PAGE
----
Garneau partners with the Lake Champlain Research Institute by examining their zooplankton surveys conducted on a nearly monthly basis across the lake. While they were looking for invasive species, lake turnover and whatnot, they discovered microfibers and microplastics in their nets, most especially rubber-based nurdles. Their findings are useful for Garneau’s work. Her challenge is to discover where the microplastics they found are coming from and why the mix of microplastic types fluctuates.
Garneau doesn’t have the resources to evaluate every river pouring into Lake Champlain, so she started with the Plattsburgh wastewater treatment plant (Saranac River), expanding to include Burlington (Winooski River), St. Albans (Stevens Brook), Ticonderoga (La Cute River), and Vergennes (Otter Creek). What she learned was that no two sites reflect the same mix. Overall, fibers (59%) and fragments (37%) were the most abundant, though, in St. Albans, Styrofoam was by far the lead microplastic pollutant. Her team also learned that 85,000 microplastics are entering the Lake Champlain every day from just these five locations.
“Imagine the contributions if we could evaluate all the wastewater plants within the Champlain Basin,” said Garneau.
Over 50 other rivers also lead directly into the lake that were not accounted for, nor the flows from many upstream wastewater plants such as Lake Placid, Saranac Lake and the several surrounding Lake George. Thus, the 85,000 microplastics entering the lake from five wastewater plants represent a sliver of the lake’s total volume. What’s alarming scientists is that studies show it’s raining microplastic fibers, as illustrated by research conducted in a remote section of the Pyrenees.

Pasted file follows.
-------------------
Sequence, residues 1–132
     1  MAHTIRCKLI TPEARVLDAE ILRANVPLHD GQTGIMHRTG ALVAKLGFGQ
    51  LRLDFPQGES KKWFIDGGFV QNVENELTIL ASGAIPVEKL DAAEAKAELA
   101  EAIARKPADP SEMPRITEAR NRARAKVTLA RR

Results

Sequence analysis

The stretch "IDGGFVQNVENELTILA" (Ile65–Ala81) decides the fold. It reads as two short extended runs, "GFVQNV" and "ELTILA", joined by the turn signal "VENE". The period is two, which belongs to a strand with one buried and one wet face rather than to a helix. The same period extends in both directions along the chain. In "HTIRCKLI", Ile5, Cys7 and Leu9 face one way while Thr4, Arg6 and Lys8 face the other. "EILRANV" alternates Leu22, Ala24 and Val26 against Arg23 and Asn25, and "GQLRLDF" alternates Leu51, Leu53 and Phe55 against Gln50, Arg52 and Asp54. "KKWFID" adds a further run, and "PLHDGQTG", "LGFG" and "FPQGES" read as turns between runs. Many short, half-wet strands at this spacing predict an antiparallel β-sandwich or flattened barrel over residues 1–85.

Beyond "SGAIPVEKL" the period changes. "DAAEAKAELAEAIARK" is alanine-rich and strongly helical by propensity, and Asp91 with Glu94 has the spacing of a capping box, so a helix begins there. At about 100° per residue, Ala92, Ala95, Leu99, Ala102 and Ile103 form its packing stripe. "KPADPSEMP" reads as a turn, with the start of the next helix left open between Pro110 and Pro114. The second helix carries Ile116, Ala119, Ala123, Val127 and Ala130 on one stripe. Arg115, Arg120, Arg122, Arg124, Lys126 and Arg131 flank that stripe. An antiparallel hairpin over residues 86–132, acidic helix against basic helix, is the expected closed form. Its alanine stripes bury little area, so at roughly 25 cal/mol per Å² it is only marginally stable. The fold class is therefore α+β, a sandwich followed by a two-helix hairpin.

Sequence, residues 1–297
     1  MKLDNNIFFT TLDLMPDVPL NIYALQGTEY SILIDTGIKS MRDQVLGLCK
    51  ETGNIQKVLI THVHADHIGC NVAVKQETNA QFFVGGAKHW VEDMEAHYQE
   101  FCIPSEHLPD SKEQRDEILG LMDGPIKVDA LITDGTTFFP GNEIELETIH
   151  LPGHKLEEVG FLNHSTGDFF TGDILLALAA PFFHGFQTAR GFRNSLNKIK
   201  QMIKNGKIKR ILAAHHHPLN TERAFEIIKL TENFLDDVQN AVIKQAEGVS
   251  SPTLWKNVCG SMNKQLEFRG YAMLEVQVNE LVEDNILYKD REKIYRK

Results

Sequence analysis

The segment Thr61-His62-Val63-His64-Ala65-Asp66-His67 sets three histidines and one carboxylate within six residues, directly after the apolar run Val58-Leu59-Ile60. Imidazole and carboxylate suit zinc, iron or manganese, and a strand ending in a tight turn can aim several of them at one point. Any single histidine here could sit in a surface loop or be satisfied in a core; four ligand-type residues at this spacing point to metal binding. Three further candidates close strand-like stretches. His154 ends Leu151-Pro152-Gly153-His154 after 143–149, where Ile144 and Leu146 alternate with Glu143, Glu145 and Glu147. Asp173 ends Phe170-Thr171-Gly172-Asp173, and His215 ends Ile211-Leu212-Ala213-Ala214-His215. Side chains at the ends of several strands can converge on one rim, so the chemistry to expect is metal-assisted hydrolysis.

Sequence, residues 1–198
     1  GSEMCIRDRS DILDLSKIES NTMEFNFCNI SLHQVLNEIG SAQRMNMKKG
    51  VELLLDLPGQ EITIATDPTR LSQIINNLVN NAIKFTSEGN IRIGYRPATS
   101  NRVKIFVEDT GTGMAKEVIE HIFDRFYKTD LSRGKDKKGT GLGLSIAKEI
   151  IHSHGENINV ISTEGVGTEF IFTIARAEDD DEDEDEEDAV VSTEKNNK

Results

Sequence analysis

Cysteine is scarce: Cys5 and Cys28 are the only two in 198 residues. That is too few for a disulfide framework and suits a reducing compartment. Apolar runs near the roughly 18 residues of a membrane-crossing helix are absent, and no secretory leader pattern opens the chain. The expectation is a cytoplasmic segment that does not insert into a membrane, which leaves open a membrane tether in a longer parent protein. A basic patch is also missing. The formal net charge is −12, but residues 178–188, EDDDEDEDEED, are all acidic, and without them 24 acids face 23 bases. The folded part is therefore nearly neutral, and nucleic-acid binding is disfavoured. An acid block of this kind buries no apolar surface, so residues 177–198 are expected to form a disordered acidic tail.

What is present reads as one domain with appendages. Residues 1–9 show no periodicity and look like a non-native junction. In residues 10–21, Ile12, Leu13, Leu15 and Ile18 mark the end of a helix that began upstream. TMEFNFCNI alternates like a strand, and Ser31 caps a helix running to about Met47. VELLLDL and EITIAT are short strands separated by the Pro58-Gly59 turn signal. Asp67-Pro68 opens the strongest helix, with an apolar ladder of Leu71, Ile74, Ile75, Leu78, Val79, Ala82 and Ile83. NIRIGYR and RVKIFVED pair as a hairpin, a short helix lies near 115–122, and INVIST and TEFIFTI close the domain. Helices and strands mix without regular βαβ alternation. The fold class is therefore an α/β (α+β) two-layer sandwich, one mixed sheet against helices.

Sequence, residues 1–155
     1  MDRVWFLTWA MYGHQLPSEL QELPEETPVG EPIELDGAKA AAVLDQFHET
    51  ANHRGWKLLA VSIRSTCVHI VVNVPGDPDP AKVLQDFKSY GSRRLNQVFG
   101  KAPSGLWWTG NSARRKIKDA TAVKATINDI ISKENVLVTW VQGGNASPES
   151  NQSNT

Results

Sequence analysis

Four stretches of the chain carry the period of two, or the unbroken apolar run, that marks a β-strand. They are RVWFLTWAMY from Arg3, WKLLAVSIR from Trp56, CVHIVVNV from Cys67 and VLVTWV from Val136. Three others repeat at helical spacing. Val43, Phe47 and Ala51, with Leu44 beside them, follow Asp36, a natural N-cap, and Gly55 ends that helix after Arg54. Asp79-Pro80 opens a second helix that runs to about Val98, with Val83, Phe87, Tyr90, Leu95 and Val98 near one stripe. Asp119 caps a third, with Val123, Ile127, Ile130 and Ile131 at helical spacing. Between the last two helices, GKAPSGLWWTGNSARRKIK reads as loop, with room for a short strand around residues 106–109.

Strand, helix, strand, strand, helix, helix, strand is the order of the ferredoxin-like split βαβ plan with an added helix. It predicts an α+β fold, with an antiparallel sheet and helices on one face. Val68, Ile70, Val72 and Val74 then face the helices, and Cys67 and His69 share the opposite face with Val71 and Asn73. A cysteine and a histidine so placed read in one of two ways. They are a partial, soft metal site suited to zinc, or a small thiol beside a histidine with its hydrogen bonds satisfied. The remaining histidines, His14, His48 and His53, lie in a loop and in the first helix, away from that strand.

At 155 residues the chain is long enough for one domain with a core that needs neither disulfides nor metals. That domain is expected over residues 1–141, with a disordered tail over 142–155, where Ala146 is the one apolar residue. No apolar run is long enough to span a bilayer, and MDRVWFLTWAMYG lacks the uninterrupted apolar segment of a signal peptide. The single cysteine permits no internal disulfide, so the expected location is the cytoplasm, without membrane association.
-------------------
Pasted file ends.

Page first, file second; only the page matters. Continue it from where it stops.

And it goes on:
Over in Vermont, the Rozalia Project has been researching the amount of plastic fibers going into the environment from our laundry wastewater and the lint coming out of people’s driers. It turns out to be quite a bit. In other words, not only are we consuming microplastics through the fish and crustaceans we eat, increasing through the air we breathe. That said, local fish do ingest microplastics, in particular fibers. The fish containing the most plastic fibers are lake trout, bowfins, Atlantic salmon, northern pike, largemouth bass and rock bass. Smallmouth bass contain the highest percent of plastic fragments.
“There are studies out there that show the amount of microplastics we are ingesting may pale in comparison to the amount to the amount that we may be inhaling in the dust in our own home,” said Garneau. “A lot of environmental toxicologists are concerned about what this exposure means to us.”
Garneau said we are not powerless, citing single-use plastic bags being banned in New York because of public pressure. Other steps we can take are to push for legislation that supports stricter filtration systems on wastewater plants and eliminates all single-use plastics. At home, we can install HEPA air purifier systems or free-standing room units, purchase front loading washers as they spin off less lint, install and often clean filters on driers vents, and purchase cotton and wools instead of synthetics. Also, we can take up catch and release fishing and consider making donations to SUNY Plattsburgh’s Center for Earth and Environmental Sciences.
(Naj Wikoff lives in Keene Valley. He has been covering events for the Lake Placid News for more than 15 years.)